Friday, June 13, 2014

Gourd For You

As a nursing mother, it is very important that I watch what I eat. Babies have immature and sensitive digestive systems. It didn't take long for me to realize that tummy ache is the main culprit when my baby is fussy or cranky. It is best that I avoid acidic, gassy, difficult to digest foods. The common culprits of tummy troubles are dairy, sugar, and vegetables such as cauliflower, broccoli, cabbage, eggplants, etc. So what's good for a new mother? Gourd! Gourd and squash of every kind. I have eaten more gourds over the past three months than ever in my life. You name it - bitter gourd, ivy gourd, ridge gourd, bottle gourd, snake gourd, pumpkin - you get the idea! These vegetables are fibrous, nutritious, and easy to digest. Add some mung daal (split mung) when preparing and you have a dose of protein too. I have been preparing different gourds and squashes available in the grocery stores here using light Indian seasoning. Here is one of my favorites - butternut squash curry scented with ghee, curry leaves and grated coconut.

Butternut Squash Curry

1 Medium butternut quash (~2 1/2-3 Cups peeled and cubed)
3 Tablespoons fresh/frozen grated coconut
2 Dried red chilies
1 Sprig curry leaves
1/2 Teaspoon mustard seeds
1/4 Teaspoon fenugreek seeds
Couple pinches asafoetida
1/2 Teaspoon turmeric powder
1 Tablespoon ghee
Salt to taste
Chopped cilantro for garnishing

  • Heat ghee in a cooking pan, and add mustard seeds.
  • Once mustard seeds splutter, add red chilies, curry leaves, and fenugreek seeds. Stir for a few seconds and add asafoetida and turmeric powder.
  • Add cubed squash and grated coconut to the tempering, and salt to taste.
  • Add a cup of water and mix everything well. Cover and cook on medium, stirring occasionally, until squash is cooked thoroughly and the flavors come together.
  • Garnish with fresh chopped cilantro.

Serve with hot rotis and yogurt on the side.


Monday, June 9, 2014

Guilt Ridden And Snacking Guilt Free

I believed sleep deprivation, zillion diaper changes, and back crushing feedings would be some of the challenges of motherhood. What proved it wrong was leaving my entirely dependent little one with a complete stranger, to go back to work. I joined work three weeks back, and it's been an emotional challenge. The baby girl is adjusting to her nanny slowly but surely, yet my heart breaks into a million pieces every day when I see the longing in her eyes. Sure, I can quit my job, some would say. But some things are easier said than done. I just hope my daughter forgives me one day when she has a similar battle of her own, or just not remember this at all!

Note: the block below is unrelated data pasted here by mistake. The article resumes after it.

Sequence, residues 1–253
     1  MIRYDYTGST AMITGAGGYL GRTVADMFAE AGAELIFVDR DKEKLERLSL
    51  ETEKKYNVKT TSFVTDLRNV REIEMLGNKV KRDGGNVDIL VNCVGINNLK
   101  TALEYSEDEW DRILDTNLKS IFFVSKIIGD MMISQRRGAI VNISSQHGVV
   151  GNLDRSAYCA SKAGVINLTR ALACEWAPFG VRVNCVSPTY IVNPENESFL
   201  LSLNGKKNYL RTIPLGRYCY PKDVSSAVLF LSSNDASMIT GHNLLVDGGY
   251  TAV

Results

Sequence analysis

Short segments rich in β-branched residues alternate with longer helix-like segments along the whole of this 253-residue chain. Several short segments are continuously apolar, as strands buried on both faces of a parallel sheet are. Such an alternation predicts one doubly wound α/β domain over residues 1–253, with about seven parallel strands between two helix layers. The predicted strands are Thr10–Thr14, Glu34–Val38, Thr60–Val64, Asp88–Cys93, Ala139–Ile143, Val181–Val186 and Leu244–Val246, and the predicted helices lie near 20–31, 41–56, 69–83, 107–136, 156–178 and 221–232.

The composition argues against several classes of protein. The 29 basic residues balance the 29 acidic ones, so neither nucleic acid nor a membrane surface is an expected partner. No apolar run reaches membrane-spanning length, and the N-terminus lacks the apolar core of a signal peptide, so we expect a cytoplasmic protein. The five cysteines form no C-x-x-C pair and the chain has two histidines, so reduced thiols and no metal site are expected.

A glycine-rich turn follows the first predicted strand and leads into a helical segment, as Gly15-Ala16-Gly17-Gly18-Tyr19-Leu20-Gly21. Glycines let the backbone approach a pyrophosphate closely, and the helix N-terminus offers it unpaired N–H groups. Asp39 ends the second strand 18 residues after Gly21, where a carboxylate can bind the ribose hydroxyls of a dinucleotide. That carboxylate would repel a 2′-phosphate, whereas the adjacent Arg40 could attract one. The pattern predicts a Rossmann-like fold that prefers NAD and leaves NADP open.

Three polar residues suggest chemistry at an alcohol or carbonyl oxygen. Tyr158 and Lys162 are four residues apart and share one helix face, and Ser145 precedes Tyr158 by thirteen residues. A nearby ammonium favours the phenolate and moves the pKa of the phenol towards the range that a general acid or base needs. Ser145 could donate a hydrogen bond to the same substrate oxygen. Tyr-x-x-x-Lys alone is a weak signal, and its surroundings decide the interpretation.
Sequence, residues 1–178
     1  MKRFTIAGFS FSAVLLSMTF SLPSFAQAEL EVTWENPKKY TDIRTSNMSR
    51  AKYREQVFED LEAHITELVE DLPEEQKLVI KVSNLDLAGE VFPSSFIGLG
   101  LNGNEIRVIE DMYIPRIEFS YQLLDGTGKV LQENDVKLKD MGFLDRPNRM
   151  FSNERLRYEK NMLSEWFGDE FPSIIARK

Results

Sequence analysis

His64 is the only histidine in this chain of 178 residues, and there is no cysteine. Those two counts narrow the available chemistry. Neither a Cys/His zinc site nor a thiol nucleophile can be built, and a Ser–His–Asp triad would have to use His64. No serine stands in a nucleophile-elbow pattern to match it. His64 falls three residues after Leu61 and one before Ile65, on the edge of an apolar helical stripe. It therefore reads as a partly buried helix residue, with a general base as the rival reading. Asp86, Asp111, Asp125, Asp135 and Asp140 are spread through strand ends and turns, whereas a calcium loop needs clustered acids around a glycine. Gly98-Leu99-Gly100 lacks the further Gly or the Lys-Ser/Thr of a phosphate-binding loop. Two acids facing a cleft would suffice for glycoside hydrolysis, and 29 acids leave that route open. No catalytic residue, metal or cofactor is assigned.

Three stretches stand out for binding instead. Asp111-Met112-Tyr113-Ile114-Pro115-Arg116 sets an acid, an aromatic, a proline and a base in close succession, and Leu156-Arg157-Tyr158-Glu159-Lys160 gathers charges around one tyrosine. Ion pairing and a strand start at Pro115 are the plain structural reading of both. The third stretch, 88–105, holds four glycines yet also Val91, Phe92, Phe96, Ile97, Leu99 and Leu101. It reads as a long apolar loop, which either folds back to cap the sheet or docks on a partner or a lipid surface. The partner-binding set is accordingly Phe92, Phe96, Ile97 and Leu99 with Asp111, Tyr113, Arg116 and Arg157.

The only consolation in this situation is that we've found a fantastic nanny. She's a loving person with two grandchildren of her own, and treats Shreya just like she would one of them. She came with a whole bunch of cute clothes for Shreya last week for no particular reason. Isn't that incredibly sweet of her? Despite all, I am comforted that my daughter is in good hands. Aunty, as we respectfully call her, hails from Gujarat, and is an enthusiastic cook like most Gujjus. I for one am a huge fan of Gujarati food. So it's a bonus that she brings us lots of freshly prepared Gujarati delicacies almost every day. She brought me a popular sweet called Sukhdi the other day. Sukhdi is a simple wheat flour 'cake' made with ghee, jaggery, and decorated with dry fruits.It tasted like wheat flour laddus, just repackaged. I enjoyed snacking on this energy packed sweet between meals. This nursing business makes me very hungry, and I always need nutritious, guilt-free snacks at hand. FYI - a healthy dose of ghee is good for your, especially postpartum. I tweaked anuty's recipe so I could add some more elements of 'healthy' and made sukhdi with ragi/nachani/finger millet flour. I also added dry grated coconut to the list of dry fruits. Ragi flour is light and toasty, and tasted even better than wheat flour. Husband admitted that this was one of my best creations; but then again, he says that a lot ;).

Ragi Sukhdi/Nachanichi Vadi

1 Heaping cup raagi/nachani flour
3/4 Cup grated jaggery (or adjust per your liking)
6-8 Tablespoons warm ghee
Handful of dry fruits, coarsely ground. I used almonds and cashews
1 Heaping tablespoon grated dry coconut

  • Heat a kadhai/pan on low flame and roast ragi flour in 6 tablespoons of ghee until the flour is fragrant and doesn't taste raw. 
  • Add grated jaggery, ground dry fruits, and grated coconut. Roast for 5 more minutes. Make sure there aren't any pieces of jaggery left.
  • Once the mixture is cool to touch, mix by hand to make it consistent. Try pressing some mixture between your palms and it should form a lump and stick together. If not, add more ghee as needed. 
  • Grease a steel plate with ghee and pat the mixture tightly on it, forming a ~1/2 inch cake. Cut into diamond shaped vadi using a sharp knife. 

Alternatively, you can form laddus of the mixture.


Related Posts Plugin for WordPress, Blogger...